Wildlife Photographer’s Field Review- Canon 1DX Mark II
Wildlife Photographer’s Field Review- Canon 1DX Mark II
1DX vs. 1DX II
Brief: Canon noticeably improved the functionality of the new Canon 1DX Mark II over its predecessor. Many features including auto focus speed, auto focus accuracy, FPS improvements, and ISO noise characteristics are hard quantify on spec sheets, however are noticeable to any photographer using the original 1DX.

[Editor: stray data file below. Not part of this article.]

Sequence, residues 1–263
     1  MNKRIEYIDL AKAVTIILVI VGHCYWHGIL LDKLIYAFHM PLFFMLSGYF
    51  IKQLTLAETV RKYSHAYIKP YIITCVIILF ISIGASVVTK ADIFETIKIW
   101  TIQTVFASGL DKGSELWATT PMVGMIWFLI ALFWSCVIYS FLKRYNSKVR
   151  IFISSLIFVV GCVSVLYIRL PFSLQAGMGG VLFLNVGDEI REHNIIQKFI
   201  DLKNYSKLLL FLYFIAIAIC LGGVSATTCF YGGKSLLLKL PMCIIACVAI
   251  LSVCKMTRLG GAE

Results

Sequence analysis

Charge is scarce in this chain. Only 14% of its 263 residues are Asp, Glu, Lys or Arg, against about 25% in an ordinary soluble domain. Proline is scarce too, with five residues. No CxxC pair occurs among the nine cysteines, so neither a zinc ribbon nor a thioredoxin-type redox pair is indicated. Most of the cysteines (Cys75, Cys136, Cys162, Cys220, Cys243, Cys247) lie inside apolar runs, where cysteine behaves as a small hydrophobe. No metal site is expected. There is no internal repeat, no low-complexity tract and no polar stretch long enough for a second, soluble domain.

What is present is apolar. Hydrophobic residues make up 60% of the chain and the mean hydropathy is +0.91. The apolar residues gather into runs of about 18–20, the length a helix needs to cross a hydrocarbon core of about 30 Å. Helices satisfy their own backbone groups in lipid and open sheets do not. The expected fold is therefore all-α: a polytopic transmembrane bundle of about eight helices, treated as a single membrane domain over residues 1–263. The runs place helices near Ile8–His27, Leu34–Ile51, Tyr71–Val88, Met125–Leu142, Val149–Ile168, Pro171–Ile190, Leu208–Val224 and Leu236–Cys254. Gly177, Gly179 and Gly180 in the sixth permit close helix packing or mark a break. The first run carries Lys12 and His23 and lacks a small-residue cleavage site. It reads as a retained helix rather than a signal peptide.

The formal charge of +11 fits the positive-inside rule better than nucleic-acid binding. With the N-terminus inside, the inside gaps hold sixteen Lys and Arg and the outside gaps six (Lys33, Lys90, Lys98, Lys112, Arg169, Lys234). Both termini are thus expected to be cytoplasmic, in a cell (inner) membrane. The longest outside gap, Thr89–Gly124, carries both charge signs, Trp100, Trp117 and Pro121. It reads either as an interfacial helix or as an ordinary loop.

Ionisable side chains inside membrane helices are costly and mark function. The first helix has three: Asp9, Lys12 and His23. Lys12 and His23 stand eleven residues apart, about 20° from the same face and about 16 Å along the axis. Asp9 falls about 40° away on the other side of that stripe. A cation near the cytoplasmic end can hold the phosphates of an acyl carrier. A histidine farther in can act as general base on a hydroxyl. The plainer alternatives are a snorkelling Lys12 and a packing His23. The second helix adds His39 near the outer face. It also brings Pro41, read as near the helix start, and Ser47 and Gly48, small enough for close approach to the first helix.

The announcement of the Canon 1DX Mark II upgrade, over the original 1DX, divided potential buyers into two camps: people happy to upgrade, and others underwhelmed by the specs listed on paper. How can it be possible to have noticeable improvements in auto focus over the previous generation, which is a staple for action photographers? Visually there isn’t much of a difference (improved joystick near the thumb area, minor improvement in ergonomics when held, the return of red auto focus points…), however the camera is drastically different in features not well conveyed on spec lists. The 1DX mark II upgrade enhances the capabilities of the camera compared to the mark I by focus, FPS/ buffer, low- light capabilities, and GPS; however, improvements come with downsides.